Most laptops/tablets use two core (e.g. Intel max. 15W) processors without discrete graphics card. If the laptop has a four core (e.g. Intel 45W) processor, then it most probably has a discrete GPU also.
Then again, someone might want to use their top-of-the-range gaming laptop with a desktop graphics card in a separate enclosure just for the heck of it or for some other obscure reason, there are all sorts of people and they can do what they please. I am not offended , hey, go for it.
There are some laptops with four core AMD (APU) mobile processor without a discrete graphics card, but these aren't anymore powerful than Intel two core mobile processors.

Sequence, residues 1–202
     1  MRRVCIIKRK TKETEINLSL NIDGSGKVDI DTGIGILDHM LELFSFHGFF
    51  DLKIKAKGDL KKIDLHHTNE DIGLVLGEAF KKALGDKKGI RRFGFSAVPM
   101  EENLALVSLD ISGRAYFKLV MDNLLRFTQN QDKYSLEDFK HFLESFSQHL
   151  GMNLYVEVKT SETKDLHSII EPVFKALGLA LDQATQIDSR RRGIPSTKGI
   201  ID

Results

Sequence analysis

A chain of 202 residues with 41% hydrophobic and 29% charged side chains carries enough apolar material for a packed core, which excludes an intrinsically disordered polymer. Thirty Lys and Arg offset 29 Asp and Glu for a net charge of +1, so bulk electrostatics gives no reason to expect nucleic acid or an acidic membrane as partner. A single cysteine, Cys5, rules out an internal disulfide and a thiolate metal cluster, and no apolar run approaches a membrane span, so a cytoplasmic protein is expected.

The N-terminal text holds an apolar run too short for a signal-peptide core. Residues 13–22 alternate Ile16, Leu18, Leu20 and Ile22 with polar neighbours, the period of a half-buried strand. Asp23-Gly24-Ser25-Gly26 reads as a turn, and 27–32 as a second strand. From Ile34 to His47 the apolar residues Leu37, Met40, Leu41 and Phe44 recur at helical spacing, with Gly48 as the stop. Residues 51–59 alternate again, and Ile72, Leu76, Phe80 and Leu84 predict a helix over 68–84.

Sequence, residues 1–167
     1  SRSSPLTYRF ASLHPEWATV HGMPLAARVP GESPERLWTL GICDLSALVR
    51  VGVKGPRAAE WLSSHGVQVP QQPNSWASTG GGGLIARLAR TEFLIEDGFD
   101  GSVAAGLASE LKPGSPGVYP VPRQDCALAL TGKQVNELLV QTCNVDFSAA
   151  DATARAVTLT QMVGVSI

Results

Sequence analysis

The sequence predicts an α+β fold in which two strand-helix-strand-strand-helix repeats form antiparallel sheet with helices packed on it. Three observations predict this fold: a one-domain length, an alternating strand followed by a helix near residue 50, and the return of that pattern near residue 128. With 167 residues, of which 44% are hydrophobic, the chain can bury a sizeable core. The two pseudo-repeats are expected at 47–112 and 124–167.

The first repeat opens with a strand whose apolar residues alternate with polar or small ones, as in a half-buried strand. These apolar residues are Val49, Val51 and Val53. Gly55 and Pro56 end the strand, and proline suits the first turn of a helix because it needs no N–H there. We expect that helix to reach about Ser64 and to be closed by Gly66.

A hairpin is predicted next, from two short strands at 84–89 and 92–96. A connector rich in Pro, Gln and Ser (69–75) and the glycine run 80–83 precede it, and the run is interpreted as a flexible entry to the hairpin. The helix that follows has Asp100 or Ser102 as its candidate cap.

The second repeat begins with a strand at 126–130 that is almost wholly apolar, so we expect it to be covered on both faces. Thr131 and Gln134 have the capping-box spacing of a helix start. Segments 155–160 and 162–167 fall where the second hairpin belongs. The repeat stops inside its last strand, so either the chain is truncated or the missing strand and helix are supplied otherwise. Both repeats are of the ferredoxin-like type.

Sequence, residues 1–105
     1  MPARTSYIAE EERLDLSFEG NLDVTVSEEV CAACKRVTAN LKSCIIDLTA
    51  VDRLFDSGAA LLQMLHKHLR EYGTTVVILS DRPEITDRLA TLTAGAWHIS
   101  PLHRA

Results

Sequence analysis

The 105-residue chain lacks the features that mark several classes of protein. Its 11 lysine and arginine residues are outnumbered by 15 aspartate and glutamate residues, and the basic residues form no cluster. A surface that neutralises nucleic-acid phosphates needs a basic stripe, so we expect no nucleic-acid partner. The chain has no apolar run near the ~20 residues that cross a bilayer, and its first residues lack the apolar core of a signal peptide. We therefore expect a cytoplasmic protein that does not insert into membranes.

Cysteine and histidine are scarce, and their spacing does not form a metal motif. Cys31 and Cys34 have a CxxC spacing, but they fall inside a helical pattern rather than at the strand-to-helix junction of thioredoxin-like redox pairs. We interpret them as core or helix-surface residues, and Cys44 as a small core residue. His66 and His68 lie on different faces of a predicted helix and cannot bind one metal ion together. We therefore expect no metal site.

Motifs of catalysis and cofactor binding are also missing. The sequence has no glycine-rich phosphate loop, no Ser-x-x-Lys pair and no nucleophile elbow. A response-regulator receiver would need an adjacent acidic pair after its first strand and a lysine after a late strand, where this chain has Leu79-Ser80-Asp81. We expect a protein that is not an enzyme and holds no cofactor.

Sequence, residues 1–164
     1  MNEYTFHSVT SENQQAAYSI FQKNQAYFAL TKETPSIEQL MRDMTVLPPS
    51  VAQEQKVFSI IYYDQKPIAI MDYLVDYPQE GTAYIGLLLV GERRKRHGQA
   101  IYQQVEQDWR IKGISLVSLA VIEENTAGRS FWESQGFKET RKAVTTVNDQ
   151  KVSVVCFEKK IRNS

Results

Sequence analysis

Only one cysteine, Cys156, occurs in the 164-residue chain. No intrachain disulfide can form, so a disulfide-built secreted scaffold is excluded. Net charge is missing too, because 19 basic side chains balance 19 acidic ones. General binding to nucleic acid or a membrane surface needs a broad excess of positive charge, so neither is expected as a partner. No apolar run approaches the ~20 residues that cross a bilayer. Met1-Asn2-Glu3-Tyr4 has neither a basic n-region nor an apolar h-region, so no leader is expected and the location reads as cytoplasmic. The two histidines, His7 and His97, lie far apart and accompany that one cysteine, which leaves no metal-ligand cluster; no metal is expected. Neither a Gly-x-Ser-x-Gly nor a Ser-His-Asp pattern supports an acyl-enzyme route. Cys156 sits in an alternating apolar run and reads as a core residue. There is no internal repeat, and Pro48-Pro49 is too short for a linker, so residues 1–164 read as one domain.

There probably are exceptions to the above, but please don't hang me if you do find one or several I didn't check all the laptops/tablets available on the market.
However there are some Small Form Factor (SFF) PC's that have a relatively powerful processor.
Have to though remember that this is a future market. There aren't that many devices on the market that actually support eGPU's.
Anyways, even a small PCB can have sufficient power connections for external power bricks to run any graphics card.
Why I am not that interested about using a ATX/SFX PSU, is that such a PSU utilises only part of its power connectors with an eGPU and significant part of the connections are wasted. Unless you use them for example USB charging.
It would be nicer to have a smarter (and smaller) power supply solution.